Going ‘back to the future’ to understand how natural antibiotics evolve could unlock new and effective treatments for potentially deadly superbugs.
Co-led by researchers in Monash University’s Biomedicine Discovery Institute (BDI) and the Cluster of Excellence “Controlling Microbes to Fight Infections” (CMFI) at the University of Tübingen in Germany, the project has for the first time characterised a type of antibiotics that includes last-resort drug vancomycin.
Researchers are confident that the vital new information, published in Nature Communications, will enable the development of next generation superbug treatments.
Antimicrobial resistance (AMR) is one of the top global public health and development threats according to the World Health Organization*. Research led by the BDI and the University of Tübingen has taken a novel approach to reinventing ancestral antibiotic production.
The paper’s co-senior author, Professor Max Cryle, said that most antibiotic substances came from nature, including vancomycin.
“Vancomycin is a really interesting antibiotic,” Professor Cryle said. “While antibiotic development is fraught, we took heart from the fact that vancomycin and derivatives of it have remained in clinical use for over 50 years. How come these compounds are so successful?
“Before we can fully answer that question, we need to understand how nature has evolved the compounds themselves and their natural production pathways. Knowing how these pathways and strategies work is crucial in order to be able to synthesise new antibiotics.
“Then we can focus our efforts on understanding how we can use those approaches together with our engineered enzymes to produce new antibiotics.”
Professor Cryle likened synthetic biology to the Roman invention of concrete.
“Once upon a time we had to build structures with stones from nature,” he said. “And then we figure out what's the composition of the stone and how to replicate that synthetically, and then suddenly boom! You can build really fast.
“Similarly, what we want to do with antibiotic production is understand how nature works, understand that diversity and their processes, but then use it in ways that nature simply hasn't done. We can win the game because we’ve got more playing cards than nature originally dealt us.”
The research team is interested in the glycopeptide antibiotics [GPA], of which vancomycin is the best known. Vancomycin is produced naturally by bacteria, biosynthesised by a long ‘assembly line’ process during which various amino acids are linked to form the peptide involved.
“The GPAs are a good class to focus on because there’s something about how they work that makes it hard for bacteria to bypass them,” Professor Cryle said. “The compound structure is rigid, which makes it good at binding its target. But, they are also hard to synthesise.”
Professor Cryle said their group had characterised the evolution of GPAs and tested the process computationally and experimentally. “We looked at the GPA assembly line biochemically, structurally, and through altering the strain that actually produces these compounds, to produce our own production pathway,” he said.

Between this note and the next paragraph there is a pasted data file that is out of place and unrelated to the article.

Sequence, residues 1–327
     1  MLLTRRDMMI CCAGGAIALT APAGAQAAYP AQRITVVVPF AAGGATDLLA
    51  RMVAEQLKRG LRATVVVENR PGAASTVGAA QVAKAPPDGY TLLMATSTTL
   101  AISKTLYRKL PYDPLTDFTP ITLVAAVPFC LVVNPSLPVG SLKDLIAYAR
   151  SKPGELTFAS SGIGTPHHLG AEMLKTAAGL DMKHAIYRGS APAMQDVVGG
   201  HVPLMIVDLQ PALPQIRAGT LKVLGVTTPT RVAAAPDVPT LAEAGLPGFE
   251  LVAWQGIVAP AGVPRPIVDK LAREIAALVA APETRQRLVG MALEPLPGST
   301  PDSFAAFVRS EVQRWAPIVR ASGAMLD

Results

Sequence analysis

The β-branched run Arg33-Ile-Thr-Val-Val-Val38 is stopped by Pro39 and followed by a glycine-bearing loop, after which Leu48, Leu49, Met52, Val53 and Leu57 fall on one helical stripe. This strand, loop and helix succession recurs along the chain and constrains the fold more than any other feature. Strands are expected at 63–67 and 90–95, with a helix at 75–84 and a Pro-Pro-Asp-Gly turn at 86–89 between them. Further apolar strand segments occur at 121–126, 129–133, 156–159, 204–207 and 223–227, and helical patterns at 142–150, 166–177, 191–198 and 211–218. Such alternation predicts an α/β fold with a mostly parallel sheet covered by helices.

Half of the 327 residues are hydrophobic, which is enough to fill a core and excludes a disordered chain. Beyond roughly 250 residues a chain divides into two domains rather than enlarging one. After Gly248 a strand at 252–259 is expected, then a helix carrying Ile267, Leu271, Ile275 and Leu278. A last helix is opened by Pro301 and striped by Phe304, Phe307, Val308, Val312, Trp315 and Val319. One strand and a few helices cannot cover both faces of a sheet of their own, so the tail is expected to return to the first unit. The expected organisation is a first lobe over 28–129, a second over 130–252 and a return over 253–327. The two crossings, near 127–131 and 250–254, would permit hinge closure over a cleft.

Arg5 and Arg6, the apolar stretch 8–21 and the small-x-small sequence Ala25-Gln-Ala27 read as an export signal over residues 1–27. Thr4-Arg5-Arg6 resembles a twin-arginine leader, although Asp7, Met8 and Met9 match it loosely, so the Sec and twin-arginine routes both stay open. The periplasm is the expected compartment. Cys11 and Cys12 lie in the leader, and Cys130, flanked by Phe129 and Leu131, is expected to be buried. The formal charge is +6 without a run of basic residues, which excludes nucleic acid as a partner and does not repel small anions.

“Now that we understand how this works, we can use these design principles ourselves to change these antibiotics to make new compounds to fight antimicrobial resistance.”
Engineering large natural product assembly lines is a key goal of synthetic biology. Professor Cryle said that this would allow scientists to exploit the massive natural diversity in these assembly lines to produce designer molecules in an environmentally friendly way.
“We as a society are badly in need of new antibiotics to overcome resistance,” he said. “Almost all clinical antibiotics come originally from natural sources, and producing new ones at scale requires us to invest in engineering the complex assembly lines that make these antibiotics.
“Our techniques would allow the production of derivatives of this class that also use current industrial production processes, thus greatly reducing the time it takes to commercialise such molecules.
“While purely synthetic efforts can show the way antibiotic development should go, we are now trying to find ways to take this knowledge and to integrate it effectively into natural production pathways.
“We have identified the multiple methods that nature has used in evolving vancomycin-type antibiotics, and we can start to apply these to change the assembly lines to produce new antibiotics.”
*World Health Organization, Antimicrobial Resistance
Read the full paper published in Nature Communications, titled Resurrecting ancestral antibiotics: unveiling the origins of modern lipid II targeting glycopeptides.
Cheryl Critchley, Media Manager, Monash University
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About the Monash Biomedicine Discovery Institute
Committed to making the discoveries that will relieve the future burden of disease, the Monash Biomedicine Discovery Institute (BDI) at Monash University brings together more than 120 internationally-renowned research teams. Spanning seven discovery programs across Cancer, Cardiovascular Disease, Development and Stem Cells, Infection, Immunity, Metabolism, Diabetes and Obesity, and Neuroscience, Monash BDI is one of the largest biomedical research institutes in Australia. Our researchers are supported by world-class technology and infrastructure, and partner with industry, clinicians and researchers internationally to enhance lives through discovery.